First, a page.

Why Live Streams are the New Esports Podcasts

Many media observers began noting towards the end of 2020 that podcasts were beginning to be replaced by other audio and video media forms, and that trend is predicted to continue deep into 2021.

This is not to say that the podcast as we know it is obsolete, but what it does show is that digital media trends can change almost as quickly as the weather.

One of the genres of content creation that is eating into podcast territory is that of live streaming, where individuals from around the world document their online gaming exploits on platforms such as Twitch, YouTube, and Facebook Gaming, to name but a few.

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People increasingly want to see the faces and reactions of their favorite podcasters rather just hearing their dulcet tones and turns of phrase

Mobile Technology and Screen Quality Drives Thirst for Sound and Image

One of the main drivers behind this trend is that mobile technology has come such a long way that there are no longer any barriers to including video content, in real time, alongside audio output.

This is evidenced in the huge rise of podcasts that now take place via platforms like YouTube, which were once the domain of video-specific content but have now diversified, as audiences feel a closer connection to podcasters whose facial expressions and reactions they can see with their own eyes.

Improvements in mobile data networks, the dropping cost of said data, and the screen quality that many mobile devices are now capable of, means that increasingly people want and expect all their senses to be engaged.

Less Editing and Equipment Mean More Streamers Coming Online 

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Another interesting factor that is propelling new content creators towards this media form is the fact that in many ways creating a stream is easier than piecing together a podcast.

By operating live at all times, streamers are less reliant on expensive editing software and live more in the moment, which gives the viewer the sense they are almost conversing with the streamer in question, just as they would with a friend or colleague.

There are now plenty of articles online that list the limited amounts of software and hardware that any budding streamer must amass. Surprisingly, much of this equipment is exactly what some of the biggest Esports streamers in the business still use to this day, including the likes of Lex Veldhuis, ZLaner, and Spraggy. This equipment list that people need to start streaming basically boils down to: a good internet connection, a microphone, a webcam, software that creates overlays and alerts, and plenty of passion and drive.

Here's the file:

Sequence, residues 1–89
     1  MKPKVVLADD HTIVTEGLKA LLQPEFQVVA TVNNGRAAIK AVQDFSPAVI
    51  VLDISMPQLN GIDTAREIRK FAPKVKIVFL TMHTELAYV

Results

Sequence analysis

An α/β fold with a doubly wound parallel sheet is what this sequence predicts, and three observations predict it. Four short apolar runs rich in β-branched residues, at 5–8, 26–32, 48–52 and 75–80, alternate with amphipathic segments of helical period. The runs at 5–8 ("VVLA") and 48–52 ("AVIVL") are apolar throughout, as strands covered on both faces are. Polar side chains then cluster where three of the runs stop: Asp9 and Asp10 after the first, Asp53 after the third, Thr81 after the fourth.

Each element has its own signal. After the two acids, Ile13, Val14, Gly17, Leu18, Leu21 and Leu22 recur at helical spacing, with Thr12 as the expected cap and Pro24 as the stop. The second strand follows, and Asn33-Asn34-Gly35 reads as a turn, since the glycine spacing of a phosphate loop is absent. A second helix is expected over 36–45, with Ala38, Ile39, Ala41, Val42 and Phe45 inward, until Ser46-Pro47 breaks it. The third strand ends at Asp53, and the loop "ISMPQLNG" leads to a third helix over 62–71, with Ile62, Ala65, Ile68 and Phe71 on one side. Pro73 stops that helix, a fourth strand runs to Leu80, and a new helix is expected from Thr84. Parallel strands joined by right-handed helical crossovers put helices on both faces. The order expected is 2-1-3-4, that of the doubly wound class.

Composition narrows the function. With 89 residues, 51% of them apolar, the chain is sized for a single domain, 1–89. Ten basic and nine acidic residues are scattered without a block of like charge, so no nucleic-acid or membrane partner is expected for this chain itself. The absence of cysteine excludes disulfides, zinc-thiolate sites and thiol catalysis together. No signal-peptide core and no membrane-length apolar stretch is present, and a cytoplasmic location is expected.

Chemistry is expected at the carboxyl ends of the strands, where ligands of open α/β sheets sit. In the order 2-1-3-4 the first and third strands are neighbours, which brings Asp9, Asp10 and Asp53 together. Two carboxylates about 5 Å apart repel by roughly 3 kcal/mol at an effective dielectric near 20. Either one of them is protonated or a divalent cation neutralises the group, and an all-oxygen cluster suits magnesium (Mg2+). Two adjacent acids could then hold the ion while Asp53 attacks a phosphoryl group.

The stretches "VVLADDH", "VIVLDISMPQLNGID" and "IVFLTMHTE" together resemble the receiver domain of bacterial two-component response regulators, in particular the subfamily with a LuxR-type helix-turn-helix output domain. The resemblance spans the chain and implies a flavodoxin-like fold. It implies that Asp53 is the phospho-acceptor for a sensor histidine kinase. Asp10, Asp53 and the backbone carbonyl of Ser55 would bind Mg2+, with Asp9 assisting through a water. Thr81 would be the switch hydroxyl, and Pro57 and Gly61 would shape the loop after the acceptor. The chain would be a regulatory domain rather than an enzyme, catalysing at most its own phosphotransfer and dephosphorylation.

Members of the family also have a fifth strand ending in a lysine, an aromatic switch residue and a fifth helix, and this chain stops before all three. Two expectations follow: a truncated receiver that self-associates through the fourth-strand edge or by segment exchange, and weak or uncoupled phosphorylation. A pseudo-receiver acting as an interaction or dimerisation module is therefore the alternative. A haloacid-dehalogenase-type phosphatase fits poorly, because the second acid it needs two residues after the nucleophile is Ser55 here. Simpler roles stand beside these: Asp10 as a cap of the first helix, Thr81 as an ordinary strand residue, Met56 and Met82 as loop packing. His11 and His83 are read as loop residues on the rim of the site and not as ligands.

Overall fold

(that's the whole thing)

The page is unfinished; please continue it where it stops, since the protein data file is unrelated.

Ultimately it is the latter two points that sets Esports streams apart and is increasingly having them outperform podcasts in their field.

Content consumers increasingly expect to see their heroes’ every twitch and flinch on screen

Packed Schedules Mean Audiences Do Not Get Distracted

Because of the time it takes to piece together a coherent podcast episode, most of them release new content on a weekly or monthly basis.

The issue with this is that in the consumer’s downtime away from the pod, they can have their head turned by competing podcasts or other media forms.

This problem is done away with by live streams, as most popular Esports streamers will adhere to a strict schedule that encapsulates hours of live content at a time, over the course of four or five days per week. Online communities have been built around such consistent content output, as people tune in just as they would to check in with a friend or neighbor.

Support Model Delivers for Content Creators

Finally, there is the issue of funding, which for many podcasters is a constant struggle as they attempt to tap dwindling revenue streams.

Many live streamers have no such issues, because their followers donate to their channels in return for exclusive sets of emojis, special chat function privileges, and even for access to imaginary club houses and performance centers, such as Dr. Disrespect’s Champions Club, which exists only in the imaginations of those who inhabit it. Weird? Yes, it is. But it is proving to be a financial model that podcasters are scrambling to replicate.

In conclusion, the rise of live streaming in the world of Esports is changing the game when it comes to digital media trends. With mobile technology allowing for better video and audio quality, audiences are increasingly expecting all of their senses to be engaged. As you have already read on this page, it is also easier to create a broadcast than to assemble a podcast piece by piece, while relying less on expensive editing software and paying more attention to being in the present moment. Additionally, live streams offer consistent content output, which builds online communities around content creators. Lastly, the funding model for live streamers is proving to be more lucrative, with followers donating to channels for exclusive perks. All of these factors are contributing to the growing popularity of live streams, making them the new Esports podcasts. To learn even more visit this page.

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